This font software is the property of Monotype Imaging Inc., or one of its affiliated entities (Monotype) and its use by you is covered under the terms of a license agreement. You have obtained this font software either directly from Monotype or together with software distributed by one of the licensees of Monotype. This software is a valuable asset of Monotype. Unless you have entered into a specific license agreement granting you additional rights, your use of this software is limited by the terms of the actual license agreement you have entered into with Monotype. You may not copy or distribute this software.If you have any questions concerning your rights you should review the license agreement you received with the software. You can learn more about Monotype by clicking here: www.monotype.com
Fonts available at This web site are either GNU/GPL, Freeware, free for Personal use, Donationware, Shareware or Demo. Although we have indicated the license type, please make sure to double check it by reading the information shown in the details area of each font to avoid any confusion. If you are not sure, do not hesitate to contact the font author.
To get the cloud fonts, your device needs to be online and connected to the Internet. In apps running on Windows, go to File > Account, select Manage Settings under Account Privacy, and turn on Optional connected experiences. Clearing the check box turns off cloud fonts and other online services from Microsoft.
Additional fonts, including a variety of popular open-source fonts, user interface and seldom used fonts are provided for document compatibility purposes. These are only listed in font menus if you view or edit content that uses them.
For an illustrated counterpart of this list that shows a sample of each font, see A Guide to Cloud Fonts in Microsoft Office 365, created by Julie Terberg, presentation designer and owner of Terberg Design.
Microsoft welcomes your feedback. For information about how to leave feedback, go to How do I give feedback on Microsoft Office? Use #CloudFonts if your comment is about cloud fonts or #Typography if your comment is related to the font or typography features in Office.
Meiryo (メイリオ, Meirio) is a Japanese sans-serif gothic typeface. Microsoft bundled Meiryo with Office Mac 2008 as part of the standard install, and it replaces MS Gothic as the default system font on Japanese systems beginning with Windows Vista.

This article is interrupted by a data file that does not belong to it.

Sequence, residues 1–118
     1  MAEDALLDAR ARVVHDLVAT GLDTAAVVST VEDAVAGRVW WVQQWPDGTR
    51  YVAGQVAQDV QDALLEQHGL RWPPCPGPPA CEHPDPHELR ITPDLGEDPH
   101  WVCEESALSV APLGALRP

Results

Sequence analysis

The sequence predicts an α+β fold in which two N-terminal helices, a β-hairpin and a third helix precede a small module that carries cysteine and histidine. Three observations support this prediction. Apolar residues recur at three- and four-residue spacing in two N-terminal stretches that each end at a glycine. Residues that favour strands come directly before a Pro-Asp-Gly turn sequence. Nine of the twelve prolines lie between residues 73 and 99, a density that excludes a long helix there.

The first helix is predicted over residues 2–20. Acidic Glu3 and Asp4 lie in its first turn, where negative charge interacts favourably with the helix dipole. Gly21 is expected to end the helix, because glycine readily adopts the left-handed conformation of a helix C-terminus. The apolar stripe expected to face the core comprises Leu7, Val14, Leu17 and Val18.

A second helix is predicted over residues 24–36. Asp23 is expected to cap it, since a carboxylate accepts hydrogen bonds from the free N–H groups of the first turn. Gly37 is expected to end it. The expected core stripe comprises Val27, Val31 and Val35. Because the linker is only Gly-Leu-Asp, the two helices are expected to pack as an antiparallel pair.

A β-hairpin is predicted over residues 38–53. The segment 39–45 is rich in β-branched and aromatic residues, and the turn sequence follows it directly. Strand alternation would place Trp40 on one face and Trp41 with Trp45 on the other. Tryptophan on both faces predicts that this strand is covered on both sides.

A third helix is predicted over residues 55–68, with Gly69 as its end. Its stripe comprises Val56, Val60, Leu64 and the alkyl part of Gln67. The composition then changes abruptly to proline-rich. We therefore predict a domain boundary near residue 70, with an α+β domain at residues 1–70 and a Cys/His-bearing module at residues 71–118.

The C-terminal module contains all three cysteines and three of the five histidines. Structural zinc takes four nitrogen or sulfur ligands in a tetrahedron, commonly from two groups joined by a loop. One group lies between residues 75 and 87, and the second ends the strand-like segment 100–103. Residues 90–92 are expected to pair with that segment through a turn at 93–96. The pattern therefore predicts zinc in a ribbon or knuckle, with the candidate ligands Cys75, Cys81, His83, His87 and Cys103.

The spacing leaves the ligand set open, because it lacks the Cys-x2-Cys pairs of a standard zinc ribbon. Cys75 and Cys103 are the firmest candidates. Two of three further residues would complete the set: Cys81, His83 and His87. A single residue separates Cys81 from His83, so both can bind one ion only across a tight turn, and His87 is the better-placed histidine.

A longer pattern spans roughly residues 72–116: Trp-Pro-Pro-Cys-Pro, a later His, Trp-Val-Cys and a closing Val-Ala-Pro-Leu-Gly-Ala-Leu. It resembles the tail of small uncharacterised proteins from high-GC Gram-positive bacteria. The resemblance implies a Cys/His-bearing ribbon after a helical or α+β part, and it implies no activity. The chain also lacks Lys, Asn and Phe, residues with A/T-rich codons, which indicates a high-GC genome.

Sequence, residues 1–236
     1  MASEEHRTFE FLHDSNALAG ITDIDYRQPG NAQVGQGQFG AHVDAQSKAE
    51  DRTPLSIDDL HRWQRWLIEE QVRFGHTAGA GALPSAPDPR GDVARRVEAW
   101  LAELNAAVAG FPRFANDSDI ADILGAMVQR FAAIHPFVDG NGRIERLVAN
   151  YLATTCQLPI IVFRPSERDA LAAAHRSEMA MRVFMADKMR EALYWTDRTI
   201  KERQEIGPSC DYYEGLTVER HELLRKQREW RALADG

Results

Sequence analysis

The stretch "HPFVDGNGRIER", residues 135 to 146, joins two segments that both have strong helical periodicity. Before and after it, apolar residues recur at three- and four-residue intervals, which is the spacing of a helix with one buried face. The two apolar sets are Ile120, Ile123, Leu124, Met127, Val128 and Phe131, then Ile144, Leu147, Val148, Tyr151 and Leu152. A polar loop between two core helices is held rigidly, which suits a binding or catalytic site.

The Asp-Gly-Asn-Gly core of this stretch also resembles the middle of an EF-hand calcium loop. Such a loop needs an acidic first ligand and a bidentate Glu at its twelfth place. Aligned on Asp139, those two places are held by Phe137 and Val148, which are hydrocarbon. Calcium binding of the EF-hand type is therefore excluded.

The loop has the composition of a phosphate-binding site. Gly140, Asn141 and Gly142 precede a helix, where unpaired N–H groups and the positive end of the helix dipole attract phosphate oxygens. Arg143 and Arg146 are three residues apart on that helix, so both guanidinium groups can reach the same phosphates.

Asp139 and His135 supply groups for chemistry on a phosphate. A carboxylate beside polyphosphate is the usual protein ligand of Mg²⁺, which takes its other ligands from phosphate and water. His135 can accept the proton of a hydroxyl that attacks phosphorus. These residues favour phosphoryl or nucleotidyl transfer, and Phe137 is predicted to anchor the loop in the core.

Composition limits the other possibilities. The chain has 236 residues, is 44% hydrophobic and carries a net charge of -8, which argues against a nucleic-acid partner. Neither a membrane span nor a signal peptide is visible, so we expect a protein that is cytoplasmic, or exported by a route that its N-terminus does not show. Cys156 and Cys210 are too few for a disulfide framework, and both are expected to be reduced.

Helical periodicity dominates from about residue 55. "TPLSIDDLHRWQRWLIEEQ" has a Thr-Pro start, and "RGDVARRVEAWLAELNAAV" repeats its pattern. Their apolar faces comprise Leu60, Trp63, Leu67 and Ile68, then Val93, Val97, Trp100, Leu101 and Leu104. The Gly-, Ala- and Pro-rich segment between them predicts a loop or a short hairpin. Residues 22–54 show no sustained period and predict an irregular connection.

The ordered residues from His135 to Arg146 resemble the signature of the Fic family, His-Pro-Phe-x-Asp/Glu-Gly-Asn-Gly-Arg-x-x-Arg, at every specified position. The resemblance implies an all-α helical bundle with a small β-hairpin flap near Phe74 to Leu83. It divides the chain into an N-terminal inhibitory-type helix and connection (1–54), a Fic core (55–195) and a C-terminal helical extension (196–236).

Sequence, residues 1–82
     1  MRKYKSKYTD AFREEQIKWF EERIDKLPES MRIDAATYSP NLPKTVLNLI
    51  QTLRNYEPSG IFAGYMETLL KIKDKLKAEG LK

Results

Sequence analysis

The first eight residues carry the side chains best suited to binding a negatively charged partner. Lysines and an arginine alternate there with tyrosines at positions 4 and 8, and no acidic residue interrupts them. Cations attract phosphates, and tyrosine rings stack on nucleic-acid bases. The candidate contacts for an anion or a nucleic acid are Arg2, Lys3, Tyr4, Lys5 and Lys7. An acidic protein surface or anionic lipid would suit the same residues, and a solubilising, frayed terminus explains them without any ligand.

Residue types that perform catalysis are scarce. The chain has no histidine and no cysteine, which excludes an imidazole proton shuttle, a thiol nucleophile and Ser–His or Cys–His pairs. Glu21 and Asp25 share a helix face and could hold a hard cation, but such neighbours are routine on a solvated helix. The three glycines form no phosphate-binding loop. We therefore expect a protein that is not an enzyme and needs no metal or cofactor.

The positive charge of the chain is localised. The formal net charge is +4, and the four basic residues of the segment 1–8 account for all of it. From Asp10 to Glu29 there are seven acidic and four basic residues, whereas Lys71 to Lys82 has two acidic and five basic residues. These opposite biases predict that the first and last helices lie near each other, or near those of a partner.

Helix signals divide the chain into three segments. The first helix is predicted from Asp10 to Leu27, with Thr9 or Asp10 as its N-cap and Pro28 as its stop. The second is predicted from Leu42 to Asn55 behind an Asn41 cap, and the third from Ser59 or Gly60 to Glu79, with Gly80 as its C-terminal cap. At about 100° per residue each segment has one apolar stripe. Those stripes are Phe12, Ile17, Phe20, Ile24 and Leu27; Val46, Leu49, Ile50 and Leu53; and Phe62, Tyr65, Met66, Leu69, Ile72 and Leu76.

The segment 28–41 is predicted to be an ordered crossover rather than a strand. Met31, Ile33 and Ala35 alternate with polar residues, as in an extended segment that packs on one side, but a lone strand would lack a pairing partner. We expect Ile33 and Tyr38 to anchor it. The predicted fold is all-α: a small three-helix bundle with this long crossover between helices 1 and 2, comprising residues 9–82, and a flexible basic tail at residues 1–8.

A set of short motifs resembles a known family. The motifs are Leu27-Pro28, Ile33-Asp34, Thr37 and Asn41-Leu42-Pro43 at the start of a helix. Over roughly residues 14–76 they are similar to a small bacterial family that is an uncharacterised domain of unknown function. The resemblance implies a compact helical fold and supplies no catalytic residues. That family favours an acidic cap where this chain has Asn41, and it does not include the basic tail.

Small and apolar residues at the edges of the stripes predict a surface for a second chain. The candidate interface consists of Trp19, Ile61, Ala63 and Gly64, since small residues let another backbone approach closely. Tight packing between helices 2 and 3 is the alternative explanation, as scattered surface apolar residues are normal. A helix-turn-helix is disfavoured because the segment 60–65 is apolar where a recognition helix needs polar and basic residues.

Meiryo was created out of a growing need for legible CJK fonts compatible with Microsoft ClearType's hinting and subpixel rendering system. It was meant to increase the legibility of Japanese text on LCD screens, and would thus take the place of MS Gothic and MS Mincho, both of which had been widely used at the time. While most Latin fonts were able to use hinting at any size, most CJK fonts were incompatible with the technology (with the exception of some fonts such as Arial Unicode MS). Meiryo did away with embedding bitmap images into fonts for use at small sizes, a strategy employed by many CJK fonts (including MS Gothic and MS Mincho) to compensate for a lack of hinting support.
Meiryo UI is a version that uses condensed kana and reduced line height compared to Meiryo, introduced with Windows 7 and is also available as an update in Windows Vista and Windows Server 2008. Similar to MS Gothic, the Meiryo UI fonts are bundled with the same Meiryo TTC files of respective weights.
Meiryo was designed as the enhanced version of Verdana, regarded as a highly readable font. The font's baseline was raised slightly to improve readability when mixing Latin and CJK texts. Meiryo glyphs for kanji and kana also have a height-to-width ratio of 95:100.
In previous Japanese fonts distributed with Windows, embedded bitmap glyphs are used whenever font size is set to around 9 points. Unlike previous fonts designed for CJK environments, Meiryo contains no embedded bitmaps. To improve readability under small font sizes without using embedded bitmaps, TrueType hinting language was used for stroke-reduction. Similar technology was used on MingLiU and PMingLiU versions 5.03.
For Windows XP, the font has become available free of charge by obtaining the Japanese version of Microsoft Visual C# 2008 Express Edition and electing to install the Microsoft Silverlight runtime. Downloading and installing the Japanese ClearType fonts for Windows XP from Microsoft also makes Meiryo available on Windows XP.
The font name comes from the Japanese word meiryō (明瞭) [meːɾʲoː], which means "clarity", referring to ClearType making text written in Meiryo appear clearer on the screen. The Japanese spelling メイリオ is taken from the English pronunciation /ˈmeɪri.oʊ/; the actual Japanese spelling in katakana is メイリョウ.
I am working on a japanese website and have a hard time finding a font which looks good in japanese. I was surprised that so few fonts seem to exist for japanese. My team has contacted several web font providers without much success. Only one company could offer a web font for japanese but it was 35 megabytes which is far to big for the clients to download to their browsers.